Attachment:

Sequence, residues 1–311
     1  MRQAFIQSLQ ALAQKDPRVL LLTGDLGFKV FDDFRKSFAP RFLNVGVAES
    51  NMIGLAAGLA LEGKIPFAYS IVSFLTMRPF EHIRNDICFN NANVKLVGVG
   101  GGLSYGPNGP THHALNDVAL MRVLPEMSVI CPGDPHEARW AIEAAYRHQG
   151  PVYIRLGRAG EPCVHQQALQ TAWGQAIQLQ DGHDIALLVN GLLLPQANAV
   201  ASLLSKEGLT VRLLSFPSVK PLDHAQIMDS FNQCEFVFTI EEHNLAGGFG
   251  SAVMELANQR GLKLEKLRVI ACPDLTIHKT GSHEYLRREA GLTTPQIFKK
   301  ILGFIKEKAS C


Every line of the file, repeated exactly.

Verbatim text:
Sequence, residues 1–311
     1  MRQAFIQSLQ ALAQKDPRVL LLTGDLGFKV FDDFRKSFAP RFLNVGVAES
    51  NMIGLAAGLA LEGKIPFAYS IVSFLTMRPF EHIRNDICFN NANVKLVGVG
   101  GGLSYGPNGP THHALNDVAL MRVLPEMSVI CPGDPHEARW AIEAAYRHQG
   151  PVYIRLGRAG EPCVHQQALQ TAWGQAIQLQ DGHDIALLVN GLLLPQANAV
   201  ASLLSKEGLT VRLLSFPSVK PLDHAQIMDS FNQCEFVFTI EEHNLAGGFG
   251  SAVMELANQR GLKLEKLRVI ACPDLTIHKT GSHEYLRREA GLTTPQIFKK
   301  ILGFIKEKAS C